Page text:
St. Mark's Episcopal Church

124 North Sylvia Street - Montesano, WA, 98563

Pentecost 20 Sermon

“There is no such thing as a stupid question.”   Oh yeah? I think that in today’s gospel, we have an example of a really stupid question.


Jesus and his followers are heading for Jerusalem. They are heading into a tempest and Jesus is trying to prepare his friends for what is to come: He tells them: “I will suffer. I will die. I will rise up from the dead.” 


You know how James and John (the sons of Zebedee) respond to this? They pull Jesus off into a corner, away from the others and whisper: “Teacher, will you promise to do whatever we ask of you?”    


Jesus is no dummy. “Maybe, what do you want?” 


(Here comes the stupid question.) “Can you fix it so that when you rise to your glory we will get the best seats - one on your right hand and one on your left?


Like many, James and John are hoping that upon arriving in Jerusalem, Jesus will kick out those Roman rulers and take over. He will become a wonderful, powerful King and they want to be his prime ministers! These simple fishermen want power and glory and status and authority! Have they heard a single word Jesus has said over the last three years?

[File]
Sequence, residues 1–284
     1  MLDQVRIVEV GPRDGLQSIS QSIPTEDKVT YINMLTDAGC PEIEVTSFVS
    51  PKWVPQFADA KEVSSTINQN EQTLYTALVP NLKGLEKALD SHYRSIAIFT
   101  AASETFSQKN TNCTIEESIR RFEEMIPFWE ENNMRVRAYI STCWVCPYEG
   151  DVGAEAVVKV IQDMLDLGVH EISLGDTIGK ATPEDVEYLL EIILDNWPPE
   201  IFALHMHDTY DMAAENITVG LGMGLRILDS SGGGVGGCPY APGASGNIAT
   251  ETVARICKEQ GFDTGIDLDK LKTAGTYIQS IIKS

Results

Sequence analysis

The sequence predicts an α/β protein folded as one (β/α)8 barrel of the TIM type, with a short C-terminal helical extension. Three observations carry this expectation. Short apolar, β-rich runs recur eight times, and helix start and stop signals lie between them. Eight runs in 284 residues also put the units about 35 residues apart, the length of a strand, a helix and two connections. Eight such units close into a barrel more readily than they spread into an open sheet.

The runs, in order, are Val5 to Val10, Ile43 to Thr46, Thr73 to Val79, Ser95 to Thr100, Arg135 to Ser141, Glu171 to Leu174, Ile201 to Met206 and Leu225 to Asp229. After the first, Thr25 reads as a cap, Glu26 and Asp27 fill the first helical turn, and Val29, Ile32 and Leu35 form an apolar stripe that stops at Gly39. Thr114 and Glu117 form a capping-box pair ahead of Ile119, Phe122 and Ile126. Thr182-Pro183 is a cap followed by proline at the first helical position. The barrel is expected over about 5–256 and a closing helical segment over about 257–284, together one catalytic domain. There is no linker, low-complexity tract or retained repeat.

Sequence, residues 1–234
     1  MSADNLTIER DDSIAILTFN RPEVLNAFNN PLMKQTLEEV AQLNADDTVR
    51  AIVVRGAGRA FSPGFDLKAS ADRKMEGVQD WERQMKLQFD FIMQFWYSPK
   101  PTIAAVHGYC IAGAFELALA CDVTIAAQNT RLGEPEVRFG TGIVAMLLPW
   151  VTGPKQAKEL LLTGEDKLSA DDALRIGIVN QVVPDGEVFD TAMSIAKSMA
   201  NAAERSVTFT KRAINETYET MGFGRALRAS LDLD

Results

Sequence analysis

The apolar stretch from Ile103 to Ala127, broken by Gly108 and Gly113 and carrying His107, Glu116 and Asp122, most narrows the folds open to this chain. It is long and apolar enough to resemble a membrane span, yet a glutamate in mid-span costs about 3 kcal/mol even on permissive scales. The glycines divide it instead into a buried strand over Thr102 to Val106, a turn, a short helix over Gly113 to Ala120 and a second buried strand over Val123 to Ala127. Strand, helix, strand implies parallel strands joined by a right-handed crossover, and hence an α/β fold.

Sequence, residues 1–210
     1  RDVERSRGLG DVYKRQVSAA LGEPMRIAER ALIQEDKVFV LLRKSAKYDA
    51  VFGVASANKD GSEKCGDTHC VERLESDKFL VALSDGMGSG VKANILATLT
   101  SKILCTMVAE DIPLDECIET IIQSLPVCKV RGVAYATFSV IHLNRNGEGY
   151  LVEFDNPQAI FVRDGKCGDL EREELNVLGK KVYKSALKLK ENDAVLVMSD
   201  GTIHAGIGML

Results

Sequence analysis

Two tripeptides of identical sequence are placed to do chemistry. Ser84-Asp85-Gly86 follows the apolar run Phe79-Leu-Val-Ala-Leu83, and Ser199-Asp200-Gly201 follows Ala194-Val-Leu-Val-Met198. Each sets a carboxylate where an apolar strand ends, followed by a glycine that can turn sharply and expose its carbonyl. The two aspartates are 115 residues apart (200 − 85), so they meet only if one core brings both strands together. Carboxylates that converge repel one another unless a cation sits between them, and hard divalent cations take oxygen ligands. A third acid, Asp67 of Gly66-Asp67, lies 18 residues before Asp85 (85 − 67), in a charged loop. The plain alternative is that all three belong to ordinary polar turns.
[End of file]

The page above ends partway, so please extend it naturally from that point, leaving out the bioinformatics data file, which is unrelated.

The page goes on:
Jesus sighs… “Oh, dear James, beloved John. You don’t know anything. I am heading toward tremendous suffering, and a horrible death. Do you really want to go through that too?”


“Sure! No problem!”


“Well, you know what? You are, indeed, going to have to endure great suffering for having followed me. But, I’m not going to be handing out positions of power. That’s just not my thing.”


Now, let’s stop and think for a minute about how silly James and John sound. They made a request of Jesus and here we are, privy to their desires and judging them as selfish fools. We all ask a lot of Jesus in our prayer requests.   Do you ever sound like James and John in your prayers? I’m sure that I often sound just as selfish and foolish as those Zebedee boys! Maybe we shouldn’t judge them too harshly.